Hollywood Forever Cemetery removes Confederate monument after calls from activists and threats of vandalism

The Hollywood Forever Cemetery removed a monument commemorating Confederate veterans early Wednesday after hundreds of activists requested it be taken down and some threatened vandalism.

The monument’s removal came days after violence erupted at a white supremacist rally in Charlottesville, Va., over the city’s ordered removal of a statue of Confederate Gen. Robert E. Lee. The events triggered a national debate about similar monuments across the country.

After fielding dozens of calls and emails seeking the monument’s removal, the owner of the cemetery, as well as the owner of the monument — the Long Beach Chapter of the United Daughters of the Confederacy — agreed to move it to an undisclosed location, said Theodore Hovey, cemetery spokesman and family services counselor.

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“It was thought that it would become impossible for us to maintain an atmosphere of tranquility, harmony and inclusion for all of our families and all of our visitors with the monument present here,” he said.

The process of removing the monument started before dawn, Hovey said. By Wednesday morning, it was covered with a blue trap and hauled away in a pickup.

Since 1925, the monument has stood in the Confederate section of the cemetery, where at least 37 Confederate veterans and their families are buried.

The tall, granite rock marker holds a tablet emblazoned with three Confederate flags, two crosses and the words, “In memory of the soldiers of the Confederate States Army who have died or may die on the Pacific Coast.”

It went on to say, “Lord God of hosts, be with us yet, lest we forget — lest we forget.”

“I don’t think a lot of people were aware of its presence,” Hovey said.

That was the case until the Los Angeles Times published an op-ed about California’s Civil War-era history this month, said Tyler Cassity, the cemetery’s president and co-owner.

The angry reaction to the piece escalated over the weekend when a man described by authorities as a white supremacist plowed into a crowd of counter-protesters in Charlottesville. Heather Heyer was killed in the incident, and more than a dozen people were injured.

Later, a Change.org petition calling for the removal of the monument in the L.A. cemetery drew more than 1,700 signatures.

On Tuesday, someone wrote “No” in black marker across the monument’s bronze plaque, Cassity said.

After the marker was vandalized, Cassity said he reached out to the United Daughters of the Confederacy, which ultimately made the decision to take it down to prevent further acts of vandalism.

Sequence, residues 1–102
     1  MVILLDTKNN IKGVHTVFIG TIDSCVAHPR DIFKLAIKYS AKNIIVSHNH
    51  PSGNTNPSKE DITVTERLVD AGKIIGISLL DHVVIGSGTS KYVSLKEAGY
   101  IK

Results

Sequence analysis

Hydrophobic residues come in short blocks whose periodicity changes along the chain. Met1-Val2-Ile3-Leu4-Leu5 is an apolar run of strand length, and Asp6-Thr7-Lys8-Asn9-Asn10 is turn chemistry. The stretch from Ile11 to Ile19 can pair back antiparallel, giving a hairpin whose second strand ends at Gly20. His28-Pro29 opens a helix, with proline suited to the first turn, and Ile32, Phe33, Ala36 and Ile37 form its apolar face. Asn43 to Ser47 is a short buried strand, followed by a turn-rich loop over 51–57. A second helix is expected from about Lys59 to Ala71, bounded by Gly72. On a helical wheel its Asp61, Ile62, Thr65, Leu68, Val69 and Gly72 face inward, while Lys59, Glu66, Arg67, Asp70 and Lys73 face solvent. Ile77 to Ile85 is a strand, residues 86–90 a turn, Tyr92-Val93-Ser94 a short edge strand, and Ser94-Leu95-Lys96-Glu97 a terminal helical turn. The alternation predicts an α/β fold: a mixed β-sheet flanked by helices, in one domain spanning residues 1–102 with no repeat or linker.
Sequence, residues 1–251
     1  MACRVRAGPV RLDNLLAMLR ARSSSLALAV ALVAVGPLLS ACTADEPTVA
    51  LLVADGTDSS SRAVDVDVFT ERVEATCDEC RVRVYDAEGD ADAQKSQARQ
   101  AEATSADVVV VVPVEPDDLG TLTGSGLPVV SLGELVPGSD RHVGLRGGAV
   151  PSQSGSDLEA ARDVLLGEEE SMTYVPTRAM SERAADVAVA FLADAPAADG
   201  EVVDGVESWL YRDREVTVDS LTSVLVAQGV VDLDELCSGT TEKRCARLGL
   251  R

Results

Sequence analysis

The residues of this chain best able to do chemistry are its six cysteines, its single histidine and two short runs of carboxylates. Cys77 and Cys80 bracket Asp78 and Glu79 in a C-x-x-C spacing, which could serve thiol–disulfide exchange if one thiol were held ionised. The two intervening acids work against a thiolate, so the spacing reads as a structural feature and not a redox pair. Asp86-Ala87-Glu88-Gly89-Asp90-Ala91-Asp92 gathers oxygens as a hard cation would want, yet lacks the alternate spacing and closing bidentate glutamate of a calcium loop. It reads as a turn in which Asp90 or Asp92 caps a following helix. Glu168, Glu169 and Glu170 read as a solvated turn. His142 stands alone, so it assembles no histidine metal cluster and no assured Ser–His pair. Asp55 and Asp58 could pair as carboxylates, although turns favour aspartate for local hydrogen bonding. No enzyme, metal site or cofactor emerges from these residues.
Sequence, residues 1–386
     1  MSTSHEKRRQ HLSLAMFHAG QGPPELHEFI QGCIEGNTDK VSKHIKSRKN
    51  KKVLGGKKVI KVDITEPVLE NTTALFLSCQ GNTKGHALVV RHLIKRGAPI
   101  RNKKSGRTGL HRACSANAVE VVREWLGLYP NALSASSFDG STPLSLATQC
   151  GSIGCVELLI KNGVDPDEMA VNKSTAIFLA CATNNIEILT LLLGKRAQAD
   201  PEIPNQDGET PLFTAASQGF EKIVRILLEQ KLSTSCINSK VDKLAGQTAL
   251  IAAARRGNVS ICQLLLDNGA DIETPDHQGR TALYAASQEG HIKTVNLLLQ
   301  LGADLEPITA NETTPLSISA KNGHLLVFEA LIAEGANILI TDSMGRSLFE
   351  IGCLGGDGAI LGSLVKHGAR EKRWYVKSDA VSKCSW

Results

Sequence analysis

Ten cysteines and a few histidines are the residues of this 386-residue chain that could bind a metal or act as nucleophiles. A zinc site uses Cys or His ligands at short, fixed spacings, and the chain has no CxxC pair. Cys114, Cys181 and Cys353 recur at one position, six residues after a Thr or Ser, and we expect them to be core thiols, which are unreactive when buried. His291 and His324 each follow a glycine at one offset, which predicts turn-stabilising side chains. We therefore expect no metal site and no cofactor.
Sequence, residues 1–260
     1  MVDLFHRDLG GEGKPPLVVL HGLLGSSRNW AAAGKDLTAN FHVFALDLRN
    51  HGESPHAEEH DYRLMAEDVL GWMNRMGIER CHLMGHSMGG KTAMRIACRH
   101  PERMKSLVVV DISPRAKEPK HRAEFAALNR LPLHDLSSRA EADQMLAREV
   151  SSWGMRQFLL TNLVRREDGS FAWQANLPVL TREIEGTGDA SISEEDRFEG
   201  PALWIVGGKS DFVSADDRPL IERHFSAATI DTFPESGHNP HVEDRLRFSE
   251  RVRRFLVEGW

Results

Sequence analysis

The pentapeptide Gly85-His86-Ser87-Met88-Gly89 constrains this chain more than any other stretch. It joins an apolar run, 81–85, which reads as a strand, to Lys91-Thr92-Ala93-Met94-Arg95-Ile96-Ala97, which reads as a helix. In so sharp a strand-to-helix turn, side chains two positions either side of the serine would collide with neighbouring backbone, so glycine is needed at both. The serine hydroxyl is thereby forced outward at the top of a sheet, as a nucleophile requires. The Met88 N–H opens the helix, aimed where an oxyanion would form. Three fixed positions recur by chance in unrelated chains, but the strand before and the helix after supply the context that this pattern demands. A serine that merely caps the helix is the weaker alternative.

But the decision triggered anger and a series of hostile messages from people who opposed the monument’s removal and had threatened to protest.

A spokeswoman for the Daughters of the Confederacy explained the group’s decision to remove the monument this way:

“I was afraid to leave it overnight,” said the spokeswoman, who asked that her name not be used for fear of reprisal. “We have had the cemetery remove it until we decide what to do.”

Those calling for the monument’s removal are “erasing history,” she said.

“I do not believe in slavery — no sane human would believe in that today,” she said. “But back then, they did.”

She condemned the violence in Virginia and expressed sorrow for those killed and injured.

“We weep for the people who are involved in all of the things that are going on in our country — on both sides. We find hatred among white supremacists, we find hatred among Black Lives Matter,” she said. “We should all come together and become one under the United States of America.”

Cassity said he was relieved by the group’s decision.

“I understood everyone’s frustration, but I really felt like it wasn’t our right to remove the monument. It’s kind of against what we’re supposed to be doing there, preserving history,” Cassity said. “I think they made a wise decision given how quickly it escalated and what’s happening right now in the country.”

Over time, he said, the organization has been cooperative with the cemetery’s requests to modify its annual memorial service. The group has stopped staging reenactments, as well as bringing guns and Confederate flags.

“We feel they have a right to commemorate their dead, but Confederate flags and guns can be disturbing to our visitors,” Cassity said.

At the cemetery on Wednesday, visitor Monique Edwards, a South Los Angeles resident, said she came to see whether there was any public reaction to the monument’s removal.

Edwards, who is African American, said its removal was not fair and should not be done because it was an important historical reminder.

“If you remove it, place it in a museum so that all of us can see and use it as a teachable moment,” she said.

alene.tchekmedyian@latimes.com

Twitter: @AleneTchek

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UPDATES:

Aug. 16, 11:10 a.m.: This article was updated with details about the monument and its removal.

Aug. 16, 8:30 a.m.: This article was updated with the monument being removed.

11:10 p.m.: This article was updated with comments from a spokeswoman for the United Daughters of the Confederacy.

This article was originally published at 9:15 p.m. Aug. 15.

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